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Veeral Sheth, MD discusses the two newly FDA-approved therapies for geographic atrophy: pegcetacoplan injection (SYFOVRE) and avacincaptad pegol (IZERVAY).
Veeral Sheth, MD, MBA: We've had thankfully, 2 new drugs approved for geographic atrophy. This is after having nothing clinically available for these patients who suffer from geographic atrophy. Back in February of 2023, we had SYFOVRE approved, and that came from two studies, the DERBY and OAKS studies, which I can talk about in a second. Then, more recently, in August of 2023, we had IZERVAY approved, again, for patients with geographic atrophy. And that was FDA-approved after two positive clinical trials, the GATHER1 and GATHER2 studies. They’re similar but slightly different, right? They both attack the complement pathway. We know that the complement pathway is kind of a natural pathway that we have in our bodies, it can help fight bacterial infections, and things like that. It's kind of an immune response.
But, we also know that there's this genetic tendency for patients to to have an overactive complement pathway. And that can lead to kind of uncontrolled inflammatory reactions, especially in the retinal pigment epithelium. When you look at some of these patients, or you take, for example, some of their tissue and you look at that tissue under a microscope, what you can see is high levels of things like C3 and C5, which are kind of towards the end of that complement pathway. As we started to identify those as potential targets in the retina, we obviously started looking at therapeutics that could potentially block some of those pathways. The first drug that we had approved, SYFOVRE, looks to inhibit the C3 pathway or the C3 molecule and that will help kind of lower the inflammatory damage being done in the RPE cells and photoreceptors. And then IZERVAY targets just slightly downstream of that, which is the C5 pathway. Again, they're similar in that they're both addressing kind of this complement inhibition, but they're different enough that they're actually targeting different parts of the pathway.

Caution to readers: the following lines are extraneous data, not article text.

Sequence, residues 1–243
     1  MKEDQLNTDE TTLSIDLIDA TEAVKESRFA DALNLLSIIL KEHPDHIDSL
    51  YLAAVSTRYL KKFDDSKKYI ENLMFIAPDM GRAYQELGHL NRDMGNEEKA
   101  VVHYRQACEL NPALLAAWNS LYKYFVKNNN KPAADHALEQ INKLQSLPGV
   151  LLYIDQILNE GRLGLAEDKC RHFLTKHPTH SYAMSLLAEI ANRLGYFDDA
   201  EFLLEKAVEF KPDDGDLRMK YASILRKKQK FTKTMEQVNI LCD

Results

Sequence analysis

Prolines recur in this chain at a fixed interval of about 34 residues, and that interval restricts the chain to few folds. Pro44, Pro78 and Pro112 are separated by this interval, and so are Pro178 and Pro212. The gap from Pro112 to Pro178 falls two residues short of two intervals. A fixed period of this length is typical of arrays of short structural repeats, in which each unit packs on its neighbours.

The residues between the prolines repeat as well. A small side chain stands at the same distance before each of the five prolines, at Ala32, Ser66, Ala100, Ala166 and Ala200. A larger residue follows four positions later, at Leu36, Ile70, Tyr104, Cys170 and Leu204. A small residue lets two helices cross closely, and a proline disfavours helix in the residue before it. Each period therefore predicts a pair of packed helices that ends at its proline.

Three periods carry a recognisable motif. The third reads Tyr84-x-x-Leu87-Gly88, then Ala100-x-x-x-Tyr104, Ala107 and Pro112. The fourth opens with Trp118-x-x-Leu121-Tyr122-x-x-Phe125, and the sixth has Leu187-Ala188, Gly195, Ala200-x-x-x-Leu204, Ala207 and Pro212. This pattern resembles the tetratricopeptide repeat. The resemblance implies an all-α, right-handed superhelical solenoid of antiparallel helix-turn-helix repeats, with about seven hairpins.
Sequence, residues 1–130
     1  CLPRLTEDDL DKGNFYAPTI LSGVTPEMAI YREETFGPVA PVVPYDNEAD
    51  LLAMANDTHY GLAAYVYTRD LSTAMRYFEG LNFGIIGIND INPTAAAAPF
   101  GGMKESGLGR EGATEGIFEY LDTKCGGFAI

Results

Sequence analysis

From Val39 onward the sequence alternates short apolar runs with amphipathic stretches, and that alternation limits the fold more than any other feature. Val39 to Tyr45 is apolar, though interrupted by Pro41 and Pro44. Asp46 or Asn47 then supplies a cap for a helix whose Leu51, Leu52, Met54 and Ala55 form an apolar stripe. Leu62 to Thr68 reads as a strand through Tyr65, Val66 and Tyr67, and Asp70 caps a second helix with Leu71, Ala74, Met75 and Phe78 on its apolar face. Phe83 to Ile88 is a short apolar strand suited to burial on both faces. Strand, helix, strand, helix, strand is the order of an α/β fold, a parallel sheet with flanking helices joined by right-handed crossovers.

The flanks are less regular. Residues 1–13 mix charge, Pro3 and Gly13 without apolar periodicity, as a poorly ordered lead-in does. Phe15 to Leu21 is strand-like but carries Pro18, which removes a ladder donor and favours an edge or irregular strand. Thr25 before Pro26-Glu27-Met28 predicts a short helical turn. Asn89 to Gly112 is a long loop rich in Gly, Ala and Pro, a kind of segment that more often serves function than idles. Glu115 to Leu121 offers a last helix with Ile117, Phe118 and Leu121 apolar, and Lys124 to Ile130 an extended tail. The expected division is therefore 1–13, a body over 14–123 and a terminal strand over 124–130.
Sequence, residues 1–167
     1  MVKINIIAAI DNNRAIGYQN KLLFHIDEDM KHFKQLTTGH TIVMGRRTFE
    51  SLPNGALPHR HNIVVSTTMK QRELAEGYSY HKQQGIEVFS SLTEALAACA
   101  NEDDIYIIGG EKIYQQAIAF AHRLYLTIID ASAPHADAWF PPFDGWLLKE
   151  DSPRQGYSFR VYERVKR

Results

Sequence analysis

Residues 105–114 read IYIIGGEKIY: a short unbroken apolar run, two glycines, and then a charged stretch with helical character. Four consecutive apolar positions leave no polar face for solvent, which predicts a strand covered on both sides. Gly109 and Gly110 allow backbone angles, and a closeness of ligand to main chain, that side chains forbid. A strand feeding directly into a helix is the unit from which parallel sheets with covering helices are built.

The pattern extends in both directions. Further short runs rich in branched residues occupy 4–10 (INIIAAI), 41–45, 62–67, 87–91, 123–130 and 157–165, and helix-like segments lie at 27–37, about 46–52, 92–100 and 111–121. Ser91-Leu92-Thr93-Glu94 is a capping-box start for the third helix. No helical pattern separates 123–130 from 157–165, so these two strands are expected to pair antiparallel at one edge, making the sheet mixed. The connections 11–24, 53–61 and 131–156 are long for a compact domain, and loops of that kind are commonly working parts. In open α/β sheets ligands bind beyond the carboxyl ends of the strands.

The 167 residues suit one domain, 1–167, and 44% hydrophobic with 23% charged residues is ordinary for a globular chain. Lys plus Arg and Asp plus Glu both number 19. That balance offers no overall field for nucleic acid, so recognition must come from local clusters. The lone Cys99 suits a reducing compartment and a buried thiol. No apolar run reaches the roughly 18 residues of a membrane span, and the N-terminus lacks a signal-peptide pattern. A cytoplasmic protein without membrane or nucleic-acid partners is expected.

What does that mean clinically? They both have had studies that show slowing down of the damage that's done with GA, in other words, they've slowed down the spread of those geographic atrophy lesions to the order of between 20-30% depending on which study you're looking at. And there's a little bit of a range in the studies. And so from a therapeutic standpoint, we're not talking about stopping the disease dead in its tracks. And we're certainly not talking about reversing the disease. But what we are talking about for the first time is at least having some impact and slowing down the rate of damage that's being done in that patient's retina. And that's something that we are very clear with patients about because a lot of times, even if you start treatment, six months later, a year later, they may notice that, hey, my vision is still getting a little worse. And again, we kind of reiterate that, at least not yet, we don't have anything that will stop that disease dead in its tracks. But we do have these two treatments that can slow things down.